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By Russ Cooper
We've all heard the debate between 'right brain' and 'left brain' people: Those who are left-brained are more analytical and logical, while right-brained folk are for artistic, more intuitive. Ergo, math is done on the left, music on the right. Right?
While not completely untrue, the conventional idea isn't as accurate as we've come to believe, says associate professor in Concordia's department of music Christine Beckett. "With music, the brain lights up like a christmas tree on both sides," she says.
In her demonstration Hemispheric Harmonies on Oct. 28, Beckett explained to a packed house at the Vanier Library that the human brain isn't as clearly separated as we think, especially when it comes to music.
"Music, more than any other medium, calls on the whole brain," says Beckett.
Beckett's findings stem from her research with the International Laboratory for Brain, Music and Sound Research (BRAMS), a collaboration of universities devoted to the study of music cognition with a focus on neuroscience.
So, how does a career musician become so captivated by a side of the art form that is, well, so cerebral?
"Teaching ear training one day, the question just popped into my head, 'what is actually going on in their heads?' That launched me onto MA and PhD research in music education," she explains. "I also had the extraordinary good luck to meet (BRAMS Co-Director) Robert Zatorre fairly early on in his career, and that was the start."
According to Beckett, music tends to have a special effect on brain activity. Using MRI images, she illustrated the activity of a musician's brain when improvising musical scales – the flurry of colourful activity on both sides helped to support Beckett's research and dispel the myth of LBS, or lop-sided brain syndrome.
Even when merely remembering a tune using mental imagery, strong activations in right hemisphere are accompanied by activations to the left.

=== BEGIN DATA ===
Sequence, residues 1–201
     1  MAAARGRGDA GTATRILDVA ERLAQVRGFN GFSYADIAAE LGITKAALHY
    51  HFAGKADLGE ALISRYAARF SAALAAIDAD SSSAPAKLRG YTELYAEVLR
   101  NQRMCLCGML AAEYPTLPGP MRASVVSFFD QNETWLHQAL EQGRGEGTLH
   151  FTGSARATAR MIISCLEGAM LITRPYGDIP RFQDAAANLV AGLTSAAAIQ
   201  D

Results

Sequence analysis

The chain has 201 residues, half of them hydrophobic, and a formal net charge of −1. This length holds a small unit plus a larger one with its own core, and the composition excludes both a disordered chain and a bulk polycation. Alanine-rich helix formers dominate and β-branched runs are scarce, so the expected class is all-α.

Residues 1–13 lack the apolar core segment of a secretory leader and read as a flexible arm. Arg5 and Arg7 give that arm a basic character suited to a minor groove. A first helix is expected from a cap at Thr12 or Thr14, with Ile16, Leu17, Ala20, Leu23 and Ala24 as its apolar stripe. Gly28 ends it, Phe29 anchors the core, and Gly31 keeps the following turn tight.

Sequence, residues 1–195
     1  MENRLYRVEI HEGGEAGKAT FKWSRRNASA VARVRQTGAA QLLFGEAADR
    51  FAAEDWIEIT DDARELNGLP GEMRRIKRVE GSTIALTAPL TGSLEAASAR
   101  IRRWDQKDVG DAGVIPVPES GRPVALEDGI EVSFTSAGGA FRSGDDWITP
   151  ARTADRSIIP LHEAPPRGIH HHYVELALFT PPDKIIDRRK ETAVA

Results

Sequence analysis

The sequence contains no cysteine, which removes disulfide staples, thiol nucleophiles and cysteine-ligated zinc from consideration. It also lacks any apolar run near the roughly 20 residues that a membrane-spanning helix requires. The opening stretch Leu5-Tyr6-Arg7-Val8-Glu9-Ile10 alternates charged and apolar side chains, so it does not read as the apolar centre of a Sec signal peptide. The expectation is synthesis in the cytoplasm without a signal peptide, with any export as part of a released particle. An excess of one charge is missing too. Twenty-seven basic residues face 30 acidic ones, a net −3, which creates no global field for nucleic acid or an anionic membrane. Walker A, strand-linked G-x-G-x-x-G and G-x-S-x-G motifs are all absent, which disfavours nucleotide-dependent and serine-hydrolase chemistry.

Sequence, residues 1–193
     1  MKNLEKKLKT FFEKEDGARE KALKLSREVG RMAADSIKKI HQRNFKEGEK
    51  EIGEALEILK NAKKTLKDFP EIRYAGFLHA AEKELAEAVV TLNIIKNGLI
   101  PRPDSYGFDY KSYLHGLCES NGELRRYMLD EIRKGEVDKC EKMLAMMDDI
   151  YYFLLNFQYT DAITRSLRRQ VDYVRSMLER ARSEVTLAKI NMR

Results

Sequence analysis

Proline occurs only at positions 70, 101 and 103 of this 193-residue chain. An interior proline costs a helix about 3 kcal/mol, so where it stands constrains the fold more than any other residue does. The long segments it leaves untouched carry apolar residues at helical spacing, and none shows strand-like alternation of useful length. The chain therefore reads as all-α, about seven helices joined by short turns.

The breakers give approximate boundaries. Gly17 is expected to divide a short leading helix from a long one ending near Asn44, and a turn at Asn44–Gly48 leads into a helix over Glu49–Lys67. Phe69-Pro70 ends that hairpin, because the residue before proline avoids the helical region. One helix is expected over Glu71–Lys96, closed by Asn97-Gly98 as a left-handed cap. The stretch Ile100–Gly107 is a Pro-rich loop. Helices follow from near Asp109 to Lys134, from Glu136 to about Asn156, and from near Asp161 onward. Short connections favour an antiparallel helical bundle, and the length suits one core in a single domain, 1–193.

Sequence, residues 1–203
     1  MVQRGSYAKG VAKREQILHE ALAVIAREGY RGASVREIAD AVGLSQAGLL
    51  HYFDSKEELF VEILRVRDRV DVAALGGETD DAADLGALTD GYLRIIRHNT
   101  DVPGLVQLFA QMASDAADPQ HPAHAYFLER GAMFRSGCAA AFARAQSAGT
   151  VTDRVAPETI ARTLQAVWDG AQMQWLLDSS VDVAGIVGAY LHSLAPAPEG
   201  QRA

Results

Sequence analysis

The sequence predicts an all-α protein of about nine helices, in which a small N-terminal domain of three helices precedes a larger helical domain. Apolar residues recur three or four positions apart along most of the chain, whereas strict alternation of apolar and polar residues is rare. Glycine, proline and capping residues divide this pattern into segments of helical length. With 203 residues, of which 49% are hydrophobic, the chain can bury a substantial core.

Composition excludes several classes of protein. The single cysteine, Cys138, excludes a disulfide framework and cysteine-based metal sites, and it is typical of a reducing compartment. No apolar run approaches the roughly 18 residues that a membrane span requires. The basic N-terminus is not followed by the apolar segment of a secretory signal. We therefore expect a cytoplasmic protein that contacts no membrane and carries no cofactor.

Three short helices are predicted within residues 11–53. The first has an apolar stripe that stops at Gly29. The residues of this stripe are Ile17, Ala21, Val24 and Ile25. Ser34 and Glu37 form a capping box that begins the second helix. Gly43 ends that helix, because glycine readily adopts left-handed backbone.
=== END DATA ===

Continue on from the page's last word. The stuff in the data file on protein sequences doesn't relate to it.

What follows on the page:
Beckett explained that music is, in part, processed deep in the brain by parts shared by both hemispheres. Furthermore, she explained that musicians tend to have a larger corpus collosum than the average person – the part of the brain facilitating communication between the two halves, located directly between the left and right sides.
A good portion of Beckett's presentation also helped to explain how music is becoming an effective and vital component in the rehabilitation of stroke victims and other health treatments – something well known to Concordia's Creative Arts Therapy department, who are in the final stages of approving a graduate certificate in music therapy in Sept. 2009, and a master's degree starting in 2010.
"I'm not a music therapist, but I'd love to contribute what I know," she says. "I know they're getting highly experienced, internationally respected specialists. The program is going to be amazing."
With so much room for exploration and discovery, Beckett is excited about going deeper into research based around music and the brain.
"There's a lot we don't know," she says. "It's a field that's only been around for 20 or 30 years, and there are still many questions to answer yet."